The latest economic indicators report produced by Statistics Jersey shows that 1,410 Islanders were registered as ‘actively seeking work’ with the Social Security Department on 28 February.
This was 550 more than a year earlier, just before the pandemic struck, but 40 lower than a month earlier. More women (780) were registered as jobseekers than men (630).
The pre-Covid number of people registered as ASW was generally around 900, with the number peaking at 2,670 on 24 May, before falling gradually since.
The figures only include Islanders registered with Social Security, meaning true levels of unemployment could be much higher.
Malcolm Ferey, chief executive of Citizens Advice Jersey, said that despite the figures, he felt there was ‘light on the horizon’.
‘Of course, we’ve seen people who have lost their jobs and therefore struggling to pay bills in the last year,’ he said.
‘The support which has been available has been tremendous but some people still find themselves in a worse financial position than they were 12 months ago.
‘There is hope. With hospitality being able to open up slowly, there is this light on the horizon. It’s not good that obviously we’re still 50% higher than we were this time last year, but I think that will start to resolve itself in the coming months.’
He added that the charity was advising people to train and learn new skills as much as possible, if they were out of work.
‘We advise them during this time to take stock of their skills, see where they could improve themselves by taking courses or learning new skills or completely taking their career in a different direction,’ he said.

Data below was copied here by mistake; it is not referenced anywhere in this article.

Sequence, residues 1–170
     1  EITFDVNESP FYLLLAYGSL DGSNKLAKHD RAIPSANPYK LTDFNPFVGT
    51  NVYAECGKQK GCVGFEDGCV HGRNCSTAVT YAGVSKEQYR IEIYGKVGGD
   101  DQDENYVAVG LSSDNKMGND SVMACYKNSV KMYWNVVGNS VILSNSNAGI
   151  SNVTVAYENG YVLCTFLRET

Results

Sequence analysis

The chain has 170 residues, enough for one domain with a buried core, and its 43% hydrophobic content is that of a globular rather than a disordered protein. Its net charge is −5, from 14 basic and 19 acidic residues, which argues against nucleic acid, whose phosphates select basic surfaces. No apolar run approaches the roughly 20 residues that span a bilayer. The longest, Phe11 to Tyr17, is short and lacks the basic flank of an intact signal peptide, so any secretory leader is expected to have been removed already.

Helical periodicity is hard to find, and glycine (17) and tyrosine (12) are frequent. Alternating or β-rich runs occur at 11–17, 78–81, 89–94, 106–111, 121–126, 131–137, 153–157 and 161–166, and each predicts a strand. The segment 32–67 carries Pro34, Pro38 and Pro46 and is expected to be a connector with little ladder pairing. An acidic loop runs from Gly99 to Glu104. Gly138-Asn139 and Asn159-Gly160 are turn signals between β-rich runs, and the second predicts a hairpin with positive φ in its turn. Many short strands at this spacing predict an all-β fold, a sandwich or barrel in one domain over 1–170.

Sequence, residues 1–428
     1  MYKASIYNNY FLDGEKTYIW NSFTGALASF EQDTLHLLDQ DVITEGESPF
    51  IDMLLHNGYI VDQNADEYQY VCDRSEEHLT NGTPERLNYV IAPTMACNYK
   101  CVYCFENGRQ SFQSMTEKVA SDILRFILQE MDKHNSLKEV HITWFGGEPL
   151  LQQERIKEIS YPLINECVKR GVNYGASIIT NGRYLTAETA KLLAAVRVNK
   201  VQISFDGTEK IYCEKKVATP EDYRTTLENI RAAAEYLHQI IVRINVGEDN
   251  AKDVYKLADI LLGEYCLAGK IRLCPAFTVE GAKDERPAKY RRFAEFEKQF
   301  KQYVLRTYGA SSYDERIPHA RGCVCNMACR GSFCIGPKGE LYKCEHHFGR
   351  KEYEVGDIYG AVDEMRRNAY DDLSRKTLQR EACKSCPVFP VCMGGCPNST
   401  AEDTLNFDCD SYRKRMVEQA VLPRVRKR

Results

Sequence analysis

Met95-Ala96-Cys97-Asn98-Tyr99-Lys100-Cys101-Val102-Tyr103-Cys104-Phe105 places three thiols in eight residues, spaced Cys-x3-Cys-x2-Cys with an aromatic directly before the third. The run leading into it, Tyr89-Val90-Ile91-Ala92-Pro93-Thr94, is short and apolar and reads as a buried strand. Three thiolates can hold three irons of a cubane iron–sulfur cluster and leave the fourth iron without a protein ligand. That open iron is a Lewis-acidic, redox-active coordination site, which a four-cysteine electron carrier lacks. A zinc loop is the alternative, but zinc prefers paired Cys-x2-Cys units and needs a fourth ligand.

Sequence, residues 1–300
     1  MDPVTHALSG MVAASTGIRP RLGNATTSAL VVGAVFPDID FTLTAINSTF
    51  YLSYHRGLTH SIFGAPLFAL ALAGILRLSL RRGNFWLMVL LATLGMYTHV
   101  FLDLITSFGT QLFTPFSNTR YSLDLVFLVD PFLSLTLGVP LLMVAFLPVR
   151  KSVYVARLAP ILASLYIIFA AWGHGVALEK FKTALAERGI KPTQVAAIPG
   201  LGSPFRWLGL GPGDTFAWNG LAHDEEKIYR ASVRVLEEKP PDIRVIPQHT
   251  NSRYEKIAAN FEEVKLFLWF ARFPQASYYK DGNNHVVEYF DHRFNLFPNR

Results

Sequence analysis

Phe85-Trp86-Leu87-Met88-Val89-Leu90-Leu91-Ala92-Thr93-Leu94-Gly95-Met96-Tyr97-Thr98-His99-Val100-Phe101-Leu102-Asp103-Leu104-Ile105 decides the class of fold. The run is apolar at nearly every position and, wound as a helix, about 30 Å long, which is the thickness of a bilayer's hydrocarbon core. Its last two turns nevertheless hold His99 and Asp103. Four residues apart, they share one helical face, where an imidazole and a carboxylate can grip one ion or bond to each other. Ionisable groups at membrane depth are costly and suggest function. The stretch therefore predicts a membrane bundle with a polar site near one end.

‘The other side of it is, of course, that there are opportunities available in places where people perhaps may not have considered. Tech is the obvious one but, actually for example, some DIY stores are doing very well as people are not spending money on holidays and have decided to do the house up.’
The report also shows that around £100 million has now been paid out under the government schemes designed to support struggling businesses during the pandemic.
A total of £99 million has been paid out for 6,710 claims under phases two, three and three plus of the co-funded payroll support scheme, which subsidised staff wages.
Meanwhile, the visitor accommodation support scheme, which was launched late last year to assist hotels and guesthouses with their fixed costs, has paid out £2.6 million in response to 170 claims so far.